EU Commission Investigates E.ON Ruhrgas for Alleged Abuse of Dominant Position

Nelly Kroes, the European Commission’s top antitrust official, confirmed yesterday that her office is investigating E.ON Ruhrgas, a subsidiary of E.ON AG, on grounds of alleged abuse of a dominant market position.

E.ON Ruhrgas allegedly limits gas transport capacities by concluding long-term transmission contracts with E.ON Gastransport, the transmission company, thereby obstructing competition.

Reportedly, the commission did not open official proceedings, but is trying to resolve the matter in talks with E.ON.  There is speculation about the possible concessions E.ON may have to make to avoid proceedings.  In a similar case, E.ON competitor RWE pledged to sell its German gas transmission grid to avert an EU antitrust fine.

Source: Frankfurter Allgemeine, 4 December 2009, page 15

BRUSSELS (Dow Jones)–The European Commission’s top antitrust official, Neelie Kroes, Thursday said her office is investigating German natural gas company Ruhrgas, a subsidiary of energy giant E.ON AG (EOAN.XE).
Kroes, speaking to a news conference in Brussels, didn’t provide details of the investigation.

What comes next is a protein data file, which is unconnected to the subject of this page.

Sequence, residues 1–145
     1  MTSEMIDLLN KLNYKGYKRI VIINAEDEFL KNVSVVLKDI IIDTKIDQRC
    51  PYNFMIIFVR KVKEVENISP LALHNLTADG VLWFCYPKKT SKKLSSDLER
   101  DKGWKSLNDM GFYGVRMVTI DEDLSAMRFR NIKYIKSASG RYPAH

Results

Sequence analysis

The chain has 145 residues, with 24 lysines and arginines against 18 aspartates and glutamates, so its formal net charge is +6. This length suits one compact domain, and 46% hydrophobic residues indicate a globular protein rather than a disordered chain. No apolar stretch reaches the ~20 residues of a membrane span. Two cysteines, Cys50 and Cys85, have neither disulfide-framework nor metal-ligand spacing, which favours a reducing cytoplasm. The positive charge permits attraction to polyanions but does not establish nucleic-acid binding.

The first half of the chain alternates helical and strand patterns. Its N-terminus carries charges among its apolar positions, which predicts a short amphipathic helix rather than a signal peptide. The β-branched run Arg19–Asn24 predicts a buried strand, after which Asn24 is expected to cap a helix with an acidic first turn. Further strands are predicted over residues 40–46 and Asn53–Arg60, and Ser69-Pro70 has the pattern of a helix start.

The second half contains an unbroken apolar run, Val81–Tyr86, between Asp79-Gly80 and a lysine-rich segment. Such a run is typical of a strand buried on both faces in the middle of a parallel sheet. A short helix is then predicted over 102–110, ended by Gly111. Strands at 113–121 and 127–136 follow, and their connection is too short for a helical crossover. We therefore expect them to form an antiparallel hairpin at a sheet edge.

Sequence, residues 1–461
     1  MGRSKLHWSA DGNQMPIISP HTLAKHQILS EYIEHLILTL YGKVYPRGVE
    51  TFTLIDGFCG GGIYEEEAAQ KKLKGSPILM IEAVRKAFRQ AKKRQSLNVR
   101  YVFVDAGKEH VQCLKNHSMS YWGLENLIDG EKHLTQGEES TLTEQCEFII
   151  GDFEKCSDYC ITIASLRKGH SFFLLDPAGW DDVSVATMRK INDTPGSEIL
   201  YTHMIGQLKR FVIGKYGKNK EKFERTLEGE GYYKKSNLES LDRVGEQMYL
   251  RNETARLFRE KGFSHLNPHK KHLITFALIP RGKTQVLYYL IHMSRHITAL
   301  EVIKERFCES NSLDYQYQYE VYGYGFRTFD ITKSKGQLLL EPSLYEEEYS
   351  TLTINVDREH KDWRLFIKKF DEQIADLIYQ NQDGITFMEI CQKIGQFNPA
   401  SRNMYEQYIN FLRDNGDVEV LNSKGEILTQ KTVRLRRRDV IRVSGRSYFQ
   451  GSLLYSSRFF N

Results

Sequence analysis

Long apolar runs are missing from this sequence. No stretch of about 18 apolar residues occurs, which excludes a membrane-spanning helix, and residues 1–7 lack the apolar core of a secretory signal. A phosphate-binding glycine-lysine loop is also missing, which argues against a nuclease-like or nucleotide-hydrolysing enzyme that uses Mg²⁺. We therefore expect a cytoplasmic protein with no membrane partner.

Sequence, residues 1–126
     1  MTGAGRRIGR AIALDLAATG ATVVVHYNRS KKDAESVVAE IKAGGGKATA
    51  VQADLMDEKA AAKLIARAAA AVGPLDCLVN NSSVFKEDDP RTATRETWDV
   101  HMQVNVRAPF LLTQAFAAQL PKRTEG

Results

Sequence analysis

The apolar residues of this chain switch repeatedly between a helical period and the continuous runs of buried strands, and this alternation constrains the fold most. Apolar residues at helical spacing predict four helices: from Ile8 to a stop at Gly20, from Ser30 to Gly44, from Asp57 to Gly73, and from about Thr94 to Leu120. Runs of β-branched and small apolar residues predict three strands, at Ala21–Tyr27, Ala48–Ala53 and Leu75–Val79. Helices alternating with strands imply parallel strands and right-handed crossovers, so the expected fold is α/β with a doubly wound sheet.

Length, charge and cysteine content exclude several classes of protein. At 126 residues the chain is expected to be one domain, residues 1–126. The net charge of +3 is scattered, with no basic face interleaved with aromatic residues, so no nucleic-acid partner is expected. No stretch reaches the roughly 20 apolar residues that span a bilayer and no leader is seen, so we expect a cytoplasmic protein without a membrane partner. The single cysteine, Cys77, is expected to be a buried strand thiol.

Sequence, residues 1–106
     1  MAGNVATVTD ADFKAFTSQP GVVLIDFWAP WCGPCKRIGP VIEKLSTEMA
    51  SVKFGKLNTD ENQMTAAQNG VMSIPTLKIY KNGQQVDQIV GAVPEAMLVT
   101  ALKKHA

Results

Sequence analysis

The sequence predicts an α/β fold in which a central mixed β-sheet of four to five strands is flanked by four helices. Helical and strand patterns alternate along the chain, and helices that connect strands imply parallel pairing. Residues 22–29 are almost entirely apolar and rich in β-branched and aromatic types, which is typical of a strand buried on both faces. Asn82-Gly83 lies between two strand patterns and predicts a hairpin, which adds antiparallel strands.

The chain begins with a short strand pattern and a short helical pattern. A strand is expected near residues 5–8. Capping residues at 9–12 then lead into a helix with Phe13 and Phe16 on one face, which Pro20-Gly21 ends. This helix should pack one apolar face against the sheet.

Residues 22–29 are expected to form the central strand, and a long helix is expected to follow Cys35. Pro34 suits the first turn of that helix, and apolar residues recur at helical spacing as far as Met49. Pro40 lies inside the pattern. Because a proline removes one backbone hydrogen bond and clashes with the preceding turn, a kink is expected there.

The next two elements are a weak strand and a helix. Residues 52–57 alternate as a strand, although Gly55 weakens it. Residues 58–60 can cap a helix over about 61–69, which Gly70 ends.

E.ON Ruhrgas wasn’t immediately available to comment.
Kroes’ comments came only a few days after German daily newspaper Financial Times Deutschland last week reported that the commission is investigating Germany’s largest gas importer and midstream company over alleged anti-competitive behavior.
Citing unnamed industry sources the newspaper reported that E.ON Ruhrgas is allegedly thought to have limited gas transport capacities and thereby obstructed competition.
The report also said that E.ON and the commission are in talks seeking a compromise.
Earlier Thursday, the commission said it has settled its antitrust investigation into GDF Suez SA’s (GSZ.FR) alleged abuse of its dominant position in the French gas market, accepting the company’s promise to dramatically reduce its presence in the country’s gas import infrastructure.
The commission’s investigation of Ruhrgas is the latest in a string of E.U. probes into the German gas market over the past few years.
Earlier this year, E.ON and GDF Suez were each fined EUR553 million by the commission for agreeing not to compete in each other’s national gas markets.
RWE AG (RWE.XE) last year pledged to sell its German gas transmission grid to avert an E.U. antitrust fine.
Also in 2008, E.ON reached a similar agreement with the commission over alleged anti-competitive behavior in the electricity market.
At the time, E.ON committed to sell its German power transmission grid as well as around 5 gigawatt of power generation capacity to avoid a fine.
E.ON last month agreed to sell the power grid to Dutch network operator TenneT TSO BV for around EUR1.1 billion. It also already sold the bulk of the generation capacity in deals with France’s GDF Suez, Germany’s EnBW Energie Baden-Wuerttemberg AG (EBK.XE) and Austria’s Verbund AG (VER.VI).